From the Restore Fairness blog.

Remember how Arizona’s Gov. Brewer signed off on a bill that allows police to stop someone based on “reasonable suspicion” of them being undocumented and when asked about the obvious racial profiling implications of the law, said that she “didn’t know” what an undocumented person looked like? Following the trend that Jon Stewart perfected, basketball legend Kobe Bryant’s wife, Vanessa Bryant made a bold statement against the law by wearing a “Do I look illegal?” T-shirt at the NBA’s Western Conference Finals in Los Angeles on Monday.

The buzz on the street is that Vanessa Bryant’s statement was a direct retort to L.A. Lakers coach Phil Jackson’s comments in support of Arizona’s new law, SB1070. Phil Jackson surprised a number of people when, during an interview with ESPN columnist J.A. Adande, he expressed support for the anti-immigrant law and practically chastised the management and players of the Phoenix Sons basketball team for taking an active stance against the law. In Jackson’s opinion, the law is doing nothing but “adapting” Federal immigration law to the state, by “giving it some teeth to be able to enforce it.” Given the coach’s strong Democrat leanings in the past, Adande was surprised at his take on the matter. In response to the way that the Phoenix Sons’ owner, general manager and key players like Steve Nash have spoken out against the measure, Coach Jackson said-

I don’t think teams should get involved in the political stuff. And I think this one’s still kind of coming out to balance as to how it’s going to be favorably looked upon by our public. If I heard it right the American people are really for stronger immigration laws, if I’m not mistaken. Where we stand as basketball teams, we should let that kind of play out and let the political end of that go where it’s going to go.

Given that the National Basketball Association has come out and called the law “disturbing,” it is no surprise that a lot of people were counting on the L.A. Lakers to take a stand against it. Considering the Los Angeles City Council passed a resolution to boycott business with Arizona, there were high expectations that as representatives of an area with the largest Hispanic population in the country, the Lakers would make a symbolic gesture in opposition to the law. However, apart from Vanessa Bryant’s fashion statement and a small protest staged outside the Staples center on the eve of the game, there was very little politics involved in the game on Monday. Timothy Rutten, in an impassioned op-ed for the Los Angeles Times, expressed his deep disappointment at Jackson’s position, and urged the players of the Lakers team to take a stand. Speaking about the “clarification” that coach Jackson later offered to the press, Rutten writes-

It won’t do. Jackson’s original statement was not a declaration of neutrality, nor was it an argument for holding sport above politics. It was an endorsement of the Arizona law and a criticism of another NBA team that opposes it…If the Lakers, who have given this community so much joy and excellence, close their eyes to Arizona’s affront to so many of its members, then at least one disappointed fan will be withholding his support, and inviting as many others as will listen to do the same.

But while coach Phil Jackson and his team steered clear of mixing politics with sports, the mayors of the two cities (Los Angeles and Phoenix) used the opportunity to expose the absurdity of Arizona’s law. Mayor Phil Gordon of Phoenix and Los Angeles Mayor Antonio R. Villaraigosa, both of whom have taken a strong stance against the law, turned the tradition of a friendly wager between sporting cities into a political statement about the harsh enforcement law. In a conscious move to use humor to draw attention to the law, Mayor Villaraigosa sent a letter to Mayor Gordon proposing that if the Lakers lost, Los Angeles would pay by accepting Sheriff Joe Arpaio of Maricopa County. Taking a stab at the many allegations of racial profiling against Sheriff Arpaio, Mayor Villaraigosa suggested that “Perhaps a stint in Los Angeles would teach him that you cannot deduce immigration status simply by looking at a person.” He joked about the implications of the law saying that if the Phoenix Sons star player, Canadian Steve Nash, was stopped as per the law, they would happily welcome him in L.A. Conversely, if the Sons lost, the Mayor joked that L.A. would sent across the Republican candidates for California governor Steve Poizner and Meg Whitman, since they are “currently battling for supremacy on the issue of illegal immigration. Perhaps some time in Arizona would show them both that being governor isn’t always all it’s cracked up to be.” Mayor Gordon accepted the wager.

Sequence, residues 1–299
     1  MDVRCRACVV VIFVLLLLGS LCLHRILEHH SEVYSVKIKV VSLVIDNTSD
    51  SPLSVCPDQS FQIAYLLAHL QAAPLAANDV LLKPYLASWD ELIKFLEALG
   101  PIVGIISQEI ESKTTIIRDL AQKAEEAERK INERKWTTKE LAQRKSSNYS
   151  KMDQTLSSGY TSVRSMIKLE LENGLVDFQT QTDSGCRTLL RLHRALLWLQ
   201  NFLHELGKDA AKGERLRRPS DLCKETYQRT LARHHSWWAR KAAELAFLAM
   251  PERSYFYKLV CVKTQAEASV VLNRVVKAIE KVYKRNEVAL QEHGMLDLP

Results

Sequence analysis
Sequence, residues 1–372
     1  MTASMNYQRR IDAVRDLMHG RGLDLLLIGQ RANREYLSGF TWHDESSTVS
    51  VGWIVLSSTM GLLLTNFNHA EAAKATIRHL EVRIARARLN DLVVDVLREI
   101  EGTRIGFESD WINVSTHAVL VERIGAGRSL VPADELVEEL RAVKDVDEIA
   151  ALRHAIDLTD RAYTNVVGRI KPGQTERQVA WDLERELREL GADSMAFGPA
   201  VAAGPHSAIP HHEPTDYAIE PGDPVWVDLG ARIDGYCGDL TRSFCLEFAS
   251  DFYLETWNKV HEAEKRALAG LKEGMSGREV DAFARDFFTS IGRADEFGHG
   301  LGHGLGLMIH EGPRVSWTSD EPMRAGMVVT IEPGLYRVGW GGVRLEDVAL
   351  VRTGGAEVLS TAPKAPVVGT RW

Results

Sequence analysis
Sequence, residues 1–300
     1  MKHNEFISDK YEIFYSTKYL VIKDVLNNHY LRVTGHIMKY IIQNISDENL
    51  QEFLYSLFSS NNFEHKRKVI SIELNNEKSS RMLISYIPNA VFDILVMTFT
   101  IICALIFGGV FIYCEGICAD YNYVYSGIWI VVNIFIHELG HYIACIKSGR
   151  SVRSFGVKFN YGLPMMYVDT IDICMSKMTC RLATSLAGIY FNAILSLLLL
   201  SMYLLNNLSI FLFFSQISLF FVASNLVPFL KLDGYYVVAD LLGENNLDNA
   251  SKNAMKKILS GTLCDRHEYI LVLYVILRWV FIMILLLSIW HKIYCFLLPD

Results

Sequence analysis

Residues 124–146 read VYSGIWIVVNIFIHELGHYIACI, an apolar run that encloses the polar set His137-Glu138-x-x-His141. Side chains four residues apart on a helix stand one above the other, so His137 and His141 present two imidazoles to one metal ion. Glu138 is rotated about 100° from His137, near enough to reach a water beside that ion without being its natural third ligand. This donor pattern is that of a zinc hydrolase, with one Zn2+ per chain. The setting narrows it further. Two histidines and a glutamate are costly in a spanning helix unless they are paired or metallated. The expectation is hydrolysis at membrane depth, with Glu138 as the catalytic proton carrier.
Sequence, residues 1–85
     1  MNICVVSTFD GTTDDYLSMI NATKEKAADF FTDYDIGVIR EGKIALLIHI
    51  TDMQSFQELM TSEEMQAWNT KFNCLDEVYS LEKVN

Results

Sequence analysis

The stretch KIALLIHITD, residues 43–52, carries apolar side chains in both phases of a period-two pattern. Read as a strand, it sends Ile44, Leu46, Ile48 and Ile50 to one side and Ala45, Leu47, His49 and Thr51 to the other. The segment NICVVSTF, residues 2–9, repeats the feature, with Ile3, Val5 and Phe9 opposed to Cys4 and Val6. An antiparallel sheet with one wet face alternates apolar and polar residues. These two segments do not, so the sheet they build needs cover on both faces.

The Lakers beat the Sons hollow on Monday, and while the wager remains in jest, a number of civil rights group went ahead and filed a class action lawsuit against the state of Arizona and SB1070 this week. As planned, the American Civil Liberties Union (ACLU); the Mexican American Legal Defense and Educational Fund (MALDEF); and the National Association for the Advancement of Colored People (NAACP) challenged the new law on the grounds that it was unconstitutional, violating the 1st and 4th amendments; that it encroached on the Federal government’s jurisdiction over immigration policy; and that it would lead to racial profiling. The lawsuit, filed on behalf of labor groups, a Tucson church, social service organizations and individuals, seeks to halt the controversial law from going into effect, something that is slated to happen on July 29th.

By this point, opposition to SB1070 has come from diverse quarters, and taken the form of television spoofs, protests, fashion statements, wagers, and lawsuits, to name a few. We only hope that this is not in vain and this extreme measure is halted before it is too late.

Learn. Share. Act. Go to restorefairness.org